Average spot rate in USD per FEU. Blue line: 2023. Purple line: 2019. Yellow line: 2018. (Chart: FreightWaves SONAR)

Contract rates still above pre-COVID levels

During the COVID-era boom, ocean carriers’ spot business became more important than usual as long-term customers were forced into the spot market out of necessity.

Since the peak of the boom, the situation has reverted to normal, with cargo booked at contract rates representing a more important share of revenue than cargo booked at spot rates.

Long-term contract rates are tracked by Norway-based Xeneta. According to Xeneta, long-term rates on the Far East-U.S. West Coast lane averaged $1,865 per FEU as of Sunday.

Rate in USD per FEU. Blue line: long-term rates. Yellow line: short-term rates. (Chart: Xeneta)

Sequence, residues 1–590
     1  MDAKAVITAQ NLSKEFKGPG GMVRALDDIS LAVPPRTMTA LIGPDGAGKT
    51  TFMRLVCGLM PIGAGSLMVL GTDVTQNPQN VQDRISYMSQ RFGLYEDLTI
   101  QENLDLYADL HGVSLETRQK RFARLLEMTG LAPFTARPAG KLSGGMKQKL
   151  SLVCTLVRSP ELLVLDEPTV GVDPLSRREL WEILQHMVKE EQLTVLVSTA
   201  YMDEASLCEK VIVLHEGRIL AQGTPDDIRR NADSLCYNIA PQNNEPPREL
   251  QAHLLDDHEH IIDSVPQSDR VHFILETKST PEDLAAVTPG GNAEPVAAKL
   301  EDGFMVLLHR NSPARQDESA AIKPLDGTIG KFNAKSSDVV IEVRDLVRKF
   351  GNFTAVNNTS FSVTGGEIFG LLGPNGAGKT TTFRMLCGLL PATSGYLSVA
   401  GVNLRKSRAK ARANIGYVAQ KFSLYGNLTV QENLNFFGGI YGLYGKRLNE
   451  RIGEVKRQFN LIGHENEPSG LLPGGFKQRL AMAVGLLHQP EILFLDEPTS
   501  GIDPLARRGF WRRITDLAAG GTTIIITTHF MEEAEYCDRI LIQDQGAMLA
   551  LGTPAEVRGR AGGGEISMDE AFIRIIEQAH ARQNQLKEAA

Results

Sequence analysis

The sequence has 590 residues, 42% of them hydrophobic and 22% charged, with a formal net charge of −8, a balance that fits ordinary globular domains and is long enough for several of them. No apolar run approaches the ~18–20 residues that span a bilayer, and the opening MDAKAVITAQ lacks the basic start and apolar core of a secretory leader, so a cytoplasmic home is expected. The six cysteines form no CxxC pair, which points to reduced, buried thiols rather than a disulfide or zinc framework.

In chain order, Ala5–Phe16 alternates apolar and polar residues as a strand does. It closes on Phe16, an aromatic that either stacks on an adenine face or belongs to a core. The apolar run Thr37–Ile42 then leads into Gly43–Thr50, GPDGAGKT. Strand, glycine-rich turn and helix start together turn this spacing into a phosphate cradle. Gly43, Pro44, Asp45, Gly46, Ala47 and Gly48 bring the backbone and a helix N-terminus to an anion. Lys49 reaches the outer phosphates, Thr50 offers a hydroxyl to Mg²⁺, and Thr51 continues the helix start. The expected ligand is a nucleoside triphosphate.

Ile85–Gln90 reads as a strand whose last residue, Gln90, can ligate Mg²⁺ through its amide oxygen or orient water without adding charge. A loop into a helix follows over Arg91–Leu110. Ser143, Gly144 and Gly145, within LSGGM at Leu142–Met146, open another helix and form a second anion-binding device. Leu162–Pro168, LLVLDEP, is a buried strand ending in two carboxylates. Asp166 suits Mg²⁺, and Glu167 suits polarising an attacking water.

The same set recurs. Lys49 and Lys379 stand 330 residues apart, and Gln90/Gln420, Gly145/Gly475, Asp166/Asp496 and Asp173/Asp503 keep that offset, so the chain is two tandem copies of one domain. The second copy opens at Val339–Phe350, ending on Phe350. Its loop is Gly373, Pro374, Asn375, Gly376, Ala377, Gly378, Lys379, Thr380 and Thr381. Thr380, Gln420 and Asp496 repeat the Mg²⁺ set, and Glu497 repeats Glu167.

That’s down 75% from the all-time high in late June 2022 but still 20% above from the average contract rate at this time in 2019, pre-pandemic. Sunday’s long-term average rates were 32% higher than short-term (spot) rates in this lane, according to Xeneta.

Long-term rates in the Far East-U.S. East Coast lane averaged $2,732 per FEU, down 72% from peak in early September 2022 but still 6% higher than the average contract rate at this time in 2019. As of Sunday, long-term average rates were 17% higher than spot rates in this trade, according to Xeneta data.

Rate in USD per FEU. Blue line: long-term rates. Yellow line: short-term rates. (Chart: Xeneta)

OOCL revenue per FEU still above pre-COVID levels

The first shipping line to report detailed results for the second quarter — Cosco subsidiary OOCL — disclosed its revenue per FEU carried on Friday. Steep declines seen in Q4 2022 and Q1 2023 moderated in the latest quarter.

OOCL reported $2,678 in revenue per FEU in the trans-Pacific trade in Q2 2022, up 8% from the same period in 2019 and up 15% versus Q2 2018.

Worldwide, OCCL reported an average of $2,126 in revenue per FEU, up 20% versus Q2 2019 and 23% versus Q2 2018.

(Chart: FreightWaves. Data source: OOCL securities filings)  

Click for more articles by Greg Miller